The political battle ground of the early 90s was local taxation, the money you paid your council each month. The government set about abolishing the local government tax with what it called Community Charge or more affectionally known as ‘The Poll Tax’
The old system was a tax method based on the house, irrespective of how many adults where living in the house, there was only ever one tax bill.
Taxation per head – The Poll Tax method
The Poll Tax was a fixed amount of tax per adult resident. Local councils set this rate. Students did not have to pay nor did the unemployed. The plan was part of the alternatives to domestic rate taxation that had been brewing since the mid-1970s.
The abolishing of Rates
Rates depended on the value of the home. The new system made things more equal, but was it? Folks with less disposable income did not quite see the level playing field being so level as they were forced to pay a higher proportion of disposable income than those more able to pay. The backlash begun when certain parts of the public refused to pay the tax. They formed anti-poll tax movements, they also mobilised Poll tax riots and heavy political opposition from the labour party begun. The country did not like the Tax, but it was not enough for it to unseat the Tories from power at the next General Election as John Major regained power for the Tories.
Poll Tax another What If
The only comment to make about the Poll Tax is that the idea perhaps had some basis, but was flawed in execution. Implementing a crippling household, local tax bill by double was short-sighted. We are now living in times of multiple occupancies and shared living. Multiple occupancy housing really boomed across the country as Britain produced jobs at an astonishing rate and the enlargement of the EU saw a rising population. but is it right that a house that occupies 5-6 or even more working adults pays the same council tax bill as one elderly pensioner. A tax against working adults perhaps had some legs but like all changes the outcome always seems to be a levelling up of cost, with more losers than winners.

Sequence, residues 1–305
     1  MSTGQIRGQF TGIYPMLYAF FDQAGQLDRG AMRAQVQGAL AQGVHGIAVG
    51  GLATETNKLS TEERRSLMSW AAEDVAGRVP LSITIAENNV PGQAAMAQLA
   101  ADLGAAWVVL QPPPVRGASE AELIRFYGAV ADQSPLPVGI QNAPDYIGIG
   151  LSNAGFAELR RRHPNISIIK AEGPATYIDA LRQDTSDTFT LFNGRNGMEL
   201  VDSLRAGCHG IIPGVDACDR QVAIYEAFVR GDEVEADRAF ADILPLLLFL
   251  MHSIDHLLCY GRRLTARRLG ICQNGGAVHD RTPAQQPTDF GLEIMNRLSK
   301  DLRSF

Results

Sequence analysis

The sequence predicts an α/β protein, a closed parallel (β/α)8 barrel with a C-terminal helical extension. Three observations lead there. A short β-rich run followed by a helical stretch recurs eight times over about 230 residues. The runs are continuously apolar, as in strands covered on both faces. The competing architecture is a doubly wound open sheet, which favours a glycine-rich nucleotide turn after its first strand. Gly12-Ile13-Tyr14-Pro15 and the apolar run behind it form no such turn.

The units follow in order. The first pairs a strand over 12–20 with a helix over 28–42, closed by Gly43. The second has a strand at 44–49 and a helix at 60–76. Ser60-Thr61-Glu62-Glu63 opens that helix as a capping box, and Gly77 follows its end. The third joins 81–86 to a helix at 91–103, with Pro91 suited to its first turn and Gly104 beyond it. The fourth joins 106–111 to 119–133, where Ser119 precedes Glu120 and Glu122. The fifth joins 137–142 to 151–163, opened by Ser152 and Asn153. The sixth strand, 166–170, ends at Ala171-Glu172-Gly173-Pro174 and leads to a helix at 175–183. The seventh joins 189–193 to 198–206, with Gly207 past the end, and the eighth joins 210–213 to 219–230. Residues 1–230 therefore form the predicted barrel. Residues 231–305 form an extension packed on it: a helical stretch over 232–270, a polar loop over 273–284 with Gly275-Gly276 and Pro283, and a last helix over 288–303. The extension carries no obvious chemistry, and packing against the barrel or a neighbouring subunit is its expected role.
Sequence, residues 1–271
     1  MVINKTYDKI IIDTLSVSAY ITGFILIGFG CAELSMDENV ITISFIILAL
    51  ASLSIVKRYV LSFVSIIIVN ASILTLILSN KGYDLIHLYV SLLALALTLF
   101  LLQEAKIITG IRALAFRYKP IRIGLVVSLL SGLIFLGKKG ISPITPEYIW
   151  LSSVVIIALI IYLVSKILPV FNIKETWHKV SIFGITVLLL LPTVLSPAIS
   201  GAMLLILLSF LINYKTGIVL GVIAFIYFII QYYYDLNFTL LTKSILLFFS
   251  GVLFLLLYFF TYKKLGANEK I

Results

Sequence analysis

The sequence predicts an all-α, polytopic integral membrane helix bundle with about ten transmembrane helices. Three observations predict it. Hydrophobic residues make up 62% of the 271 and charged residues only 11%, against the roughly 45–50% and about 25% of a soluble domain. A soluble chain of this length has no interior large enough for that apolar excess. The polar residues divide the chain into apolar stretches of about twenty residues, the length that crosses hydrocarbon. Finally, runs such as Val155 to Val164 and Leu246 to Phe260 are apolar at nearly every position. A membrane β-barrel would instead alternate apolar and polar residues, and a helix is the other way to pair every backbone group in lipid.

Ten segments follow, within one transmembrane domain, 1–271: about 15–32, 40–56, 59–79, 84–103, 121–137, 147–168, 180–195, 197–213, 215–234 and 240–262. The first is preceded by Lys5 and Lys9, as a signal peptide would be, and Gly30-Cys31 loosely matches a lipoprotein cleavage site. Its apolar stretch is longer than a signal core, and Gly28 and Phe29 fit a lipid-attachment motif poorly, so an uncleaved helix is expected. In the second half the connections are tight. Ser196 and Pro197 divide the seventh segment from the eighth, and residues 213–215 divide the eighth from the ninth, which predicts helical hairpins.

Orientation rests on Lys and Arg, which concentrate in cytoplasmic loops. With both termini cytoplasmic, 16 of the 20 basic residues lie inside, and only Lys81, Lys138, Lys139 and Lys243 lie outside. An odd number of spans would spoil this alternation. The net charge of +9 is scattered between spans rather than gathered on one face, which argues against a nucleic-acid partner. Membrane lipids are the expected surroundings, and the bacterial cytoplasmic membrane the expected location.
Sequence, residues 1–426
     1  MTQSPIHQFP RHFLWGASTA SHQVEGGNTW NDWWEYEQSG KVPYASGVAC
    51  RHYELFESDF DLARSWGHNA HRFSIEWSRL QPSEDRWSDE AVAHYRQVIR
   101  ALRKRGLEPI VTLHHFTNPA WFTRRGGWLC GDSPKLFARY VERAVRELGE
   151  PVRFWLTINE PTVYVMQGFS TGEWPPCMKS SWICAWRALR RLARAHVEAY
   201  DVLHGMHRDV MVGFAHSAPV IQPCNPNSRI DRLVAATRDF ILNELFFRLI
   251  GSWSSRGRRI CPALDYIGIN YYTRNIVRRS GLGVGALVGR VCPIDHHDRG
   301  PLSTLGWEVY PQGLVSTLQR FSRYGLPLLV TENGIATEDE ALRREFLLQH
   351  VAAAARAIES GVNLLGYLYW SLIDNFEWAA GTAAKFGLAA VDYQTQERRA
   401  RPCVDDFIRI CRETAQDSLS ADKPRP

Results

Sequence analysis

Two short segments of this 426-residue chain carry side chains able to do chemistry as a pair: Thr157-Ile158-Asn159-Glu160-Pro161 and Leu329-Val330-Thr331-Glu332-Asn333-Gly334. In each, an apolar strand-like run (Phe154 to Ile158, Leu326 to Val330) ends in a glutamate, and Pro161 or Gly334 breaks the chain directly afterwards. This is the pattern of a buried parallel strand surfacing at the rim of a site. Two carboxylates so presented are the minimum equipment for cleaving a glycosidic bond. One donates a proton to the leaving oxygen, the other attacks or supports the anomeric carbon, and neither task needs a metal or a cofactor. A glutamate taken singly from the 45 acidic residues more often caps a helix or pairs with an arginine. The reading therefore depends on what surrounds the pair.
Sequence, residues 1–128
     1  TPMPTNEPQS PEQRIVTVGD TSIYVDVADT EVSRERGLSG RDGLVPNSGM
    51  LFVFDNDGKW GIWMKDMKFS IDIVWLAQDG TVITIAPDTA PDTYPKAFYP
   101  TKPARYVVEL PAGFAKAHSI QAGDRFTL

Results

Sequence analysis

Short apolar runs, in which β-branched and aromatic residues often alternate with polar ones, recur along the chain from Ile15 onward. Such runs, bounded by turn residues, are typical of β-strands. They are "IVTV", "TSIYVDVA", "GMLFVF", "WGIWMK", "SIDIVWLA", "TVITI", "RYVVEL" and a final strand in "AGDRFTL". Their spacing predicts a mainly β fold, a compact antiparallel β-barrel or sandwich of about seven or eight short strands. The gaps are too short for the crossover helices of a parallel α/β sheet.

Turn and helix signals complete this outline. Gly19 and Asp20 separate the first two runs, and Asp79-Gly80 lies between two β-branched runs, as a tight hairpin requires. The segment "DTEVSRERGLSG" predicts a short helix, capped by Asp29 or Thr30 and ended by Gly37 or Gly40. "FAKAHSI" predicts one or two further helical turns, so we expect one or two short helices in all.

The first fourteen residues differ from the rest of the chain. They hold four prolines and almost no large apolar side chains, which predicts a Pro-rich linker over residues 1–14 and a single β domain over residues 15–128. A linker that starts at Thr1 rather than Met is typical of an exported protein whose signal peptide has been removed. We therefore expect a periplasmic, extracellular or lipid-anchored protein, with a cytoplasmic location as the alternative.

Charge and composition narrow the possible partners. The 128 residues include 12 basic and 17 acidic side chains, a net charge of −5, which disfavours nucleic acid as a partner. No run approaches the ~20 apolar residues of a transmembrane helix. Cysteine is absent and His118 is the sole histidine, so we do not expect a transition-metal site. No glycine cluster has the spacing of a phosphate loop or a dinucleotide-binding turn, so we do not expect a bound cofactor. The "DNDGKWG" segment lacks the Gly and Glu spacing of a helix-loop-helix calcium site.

Losing votes and the Poll Tax was history
Labour leader Kinnock stated if they voted him in power he would abolish the Poll Tax which was a much disliked local tax system. Thatcher won by a narrow margin, why did Neil Kinnock not win that election when Labour was for some time during the campaign ahead in the polls – that is one for another blog post. It took time for Council tax to phase in the Poll Tax 1993-94 but they quickly removed it from the public conscious as they derided it as a past and distant mistake.